Friday 15 June 2018

Marble Tutorial

Hi folks!

After receiving numerous requests to share with you my marble recipe I finally decided to write a short tutorial with some picture of how the process is done... It is actually really easy and straightforward so it won't be a long post but hopefully you will find it useful. If you have any comment or question just write a comment and I will do my best to respond.
Ok, let's start!

Stage 1: Basecoat and first shading
After cleaning and assembling the model I gave it a basecoat of Corax White spray, which I subsequently retouched by brush with Ceramite White. Once this base was completely dry I applied the first shade. For this I chose a mix of 50/50 Reikland Fleshshade and Lahmian Medium and generously applied it to the whole model. As you probably know the medium prevents the shade to form stains while it dries creating a more even and smoother finish.

Stage 2: Second shading
Once the Reikland Fleshshade has dried out completely (some 30 mins) I applied a second shade with Drakenhof Nightshade, in the same way as the first wash, diluted with Lahmian medium, this time though the ratio was 25% shade 75% medium (Drakenhof is a very dark and strong shade and you just want it to be very subtle, not make your marble too blue). Wait for this coat to dry and then apply a little bit of extra Drakenhof shade (again 25/75 with LM) to some random areas of the model. This is done to mimic the fact that marble has pretty random and dishomogeneus stains so don't worry too much about some of it drying and leaving a slight stain over some areas, you will be able to make it look like marble natural imperfections later on.

Stage 3: highlights and touching ups 
Nothing special here, just go back with a thin brush over the edges of the armour with a standard edge highlight with pure white (I used Ceramite White).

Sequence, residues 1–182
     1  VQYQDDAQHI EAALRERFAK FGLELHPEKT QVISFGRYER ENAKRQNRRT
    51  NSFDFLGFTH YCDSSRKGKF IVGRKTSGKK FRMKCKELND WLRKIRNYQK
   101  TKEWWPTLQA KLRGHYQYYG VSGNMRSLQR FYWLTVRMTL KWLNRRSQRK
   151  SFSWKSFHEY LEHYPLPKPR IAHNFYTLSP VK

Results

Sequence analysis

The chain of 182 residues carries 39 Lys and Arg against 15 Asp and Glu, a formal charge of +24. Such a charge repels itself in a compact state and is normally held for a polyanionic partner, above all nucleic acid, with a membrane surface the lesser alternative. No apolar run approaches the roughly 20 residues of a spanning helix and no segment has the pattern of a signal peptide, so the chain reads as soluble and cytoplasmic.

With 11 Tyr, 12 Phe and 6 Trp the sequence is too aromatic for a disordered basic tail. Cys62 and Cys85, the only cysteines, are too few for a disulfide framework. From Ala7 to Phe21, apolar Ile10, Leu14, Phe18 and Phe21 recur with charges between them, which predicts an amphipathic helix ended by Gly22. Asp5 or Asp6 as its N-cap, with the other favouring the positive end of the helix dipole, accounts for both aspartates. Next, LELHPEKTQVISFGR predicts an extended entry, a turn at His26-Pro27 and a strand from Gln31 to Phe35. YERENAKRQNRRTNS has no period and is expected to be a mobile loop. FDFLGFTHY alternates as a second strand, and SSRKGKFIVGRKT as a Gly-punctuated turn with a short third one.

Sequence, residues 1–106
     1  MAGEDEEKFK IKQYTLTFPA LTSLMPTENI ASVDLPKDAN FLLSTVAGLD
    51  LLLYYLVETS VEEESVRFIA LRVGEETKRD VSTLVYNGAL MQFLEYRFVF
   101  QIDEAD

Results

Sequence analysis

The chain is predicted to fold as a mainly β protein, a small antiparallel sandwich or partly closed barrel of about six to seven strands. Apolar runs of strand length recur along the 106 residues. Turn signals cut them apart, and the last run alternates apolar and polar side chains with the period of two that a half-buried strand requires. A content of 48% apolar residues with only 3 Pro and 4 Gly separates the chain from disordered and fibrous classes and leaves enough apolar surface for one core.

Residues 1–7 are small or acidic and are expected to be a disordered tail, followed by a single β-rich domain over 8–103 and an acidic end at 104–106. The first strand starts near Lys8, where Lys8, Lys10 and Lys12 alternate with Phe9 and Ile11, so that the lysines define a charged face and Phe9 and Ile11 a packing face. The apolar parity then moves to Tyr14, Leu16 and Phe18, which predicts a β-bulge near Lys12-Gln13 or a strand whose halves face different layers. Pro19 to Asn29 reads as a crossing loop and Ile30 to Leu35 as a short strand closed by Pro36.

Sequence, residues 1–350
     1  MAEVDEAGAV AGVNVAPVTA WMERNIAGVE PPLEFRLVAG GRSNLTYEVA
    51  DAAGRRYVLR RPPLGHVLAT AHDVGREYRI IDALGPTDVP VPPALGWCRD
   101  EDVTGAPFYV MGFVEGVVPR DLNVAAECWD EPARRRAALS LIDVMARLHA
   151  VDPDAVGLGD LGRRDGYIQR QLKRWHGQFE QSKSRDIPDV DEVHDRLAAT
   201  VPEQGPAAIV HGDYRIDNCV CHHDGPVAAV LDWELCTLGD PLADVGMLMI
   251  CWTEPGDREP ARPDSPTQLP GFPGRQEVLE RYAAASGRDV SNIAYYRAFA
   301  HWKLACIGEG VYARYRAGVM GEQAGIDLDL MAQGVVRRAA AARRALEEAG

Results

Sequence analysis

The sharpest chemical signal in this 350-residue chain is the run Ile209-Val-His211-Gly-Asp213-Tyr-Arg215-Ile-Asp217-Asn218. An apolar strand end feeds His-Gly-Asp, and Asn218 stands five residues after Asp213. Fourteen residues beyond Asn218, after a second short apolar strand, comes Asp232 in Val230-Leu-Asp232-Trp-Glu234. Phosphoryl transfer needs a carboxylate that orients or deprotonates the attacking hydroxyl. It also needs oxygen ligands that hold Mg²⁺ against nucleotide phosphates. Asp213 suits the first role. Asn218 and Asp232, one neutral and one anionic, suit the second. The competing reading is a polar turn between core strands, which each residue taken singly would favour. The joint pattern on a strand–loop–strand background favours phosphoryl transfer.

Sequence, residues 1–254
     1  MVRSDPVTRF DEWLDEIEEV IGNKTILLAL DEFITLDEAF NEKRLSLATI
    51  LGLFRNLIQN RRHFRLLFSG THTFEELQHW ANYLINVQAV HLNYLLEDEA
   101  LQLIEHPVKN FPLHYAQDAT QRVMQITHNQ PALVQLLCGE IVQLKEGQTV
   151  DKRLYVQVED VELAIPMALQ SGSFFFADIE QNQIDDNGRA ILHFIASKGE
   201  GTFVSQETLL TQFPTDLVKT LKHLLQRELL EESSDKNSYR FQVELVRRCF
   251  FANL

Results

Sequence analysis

Stage 4: Pencil marks
Ok, here goes the fun part. With a tiny mechanical pencil (I used a BIC with an HB point) draw very carefully some random lines along the armour. Do not apply too much pressure and try not to exaggerate with the amount of lines you draw. These represents marble veins and will go a really long way simulating the right effect. Take your time with this stage, I find it quite enjoyable as it is one of those rare special effects techniques that really change dramatically the look of the miniature in a few stokes.

Stage 5: final touching ups
It's done! To be honest you can easily skip this passage and stick to stage 4 but I prefer to push it the extra mile and retouch the veins I just drew with fine lines of Reikland Fleshshade and drakenhof Nightshade. Just use a fine brush and take some colour straight form the pot and apply it trying to follow roughly the pencil marks. It's not necessary to be too precise, marble veins are irregular in nature and you can achieve a great result even with a shaky hand.

There you go! It's truly a quick and easy technique which gives great results! It is also great if you want to batch paint a whole army as it mainly consists of shades over a white base coat.

If any of you guys wants to give it a go and share the results please do not be shy and email me, I'd love to look at your models!


Tuesday 5 June 2018

Knights from a distant past


I was back home in turin this weekend and had some time to take some pictures of my old bretonnians, the last army I completed for WH. These were done in 2013 while living in South America and were my proud and joy for many years afterward until the days of AoS... they never saw the battlefield though, something I am quite sad about.

These are just some of them and although I never got to complete a playable army for 8 ed, they were the closest thing to an army I completed since my teenage days.
To overcome the boredom of painting so many models I came up with an idea that I have to say was quite successful: I divided my army into what I called “Ordonnances” , inspired by medieval military history. Each knight is accompanied by 2 men at arms, 2 archers and a mounted squire, which were all painted together... so instead of having to work my way through 20 men at arms in one go my army greaw esponentialky while allowing me to paint at a more enjoyable pace.
This is an example of two ordonnances: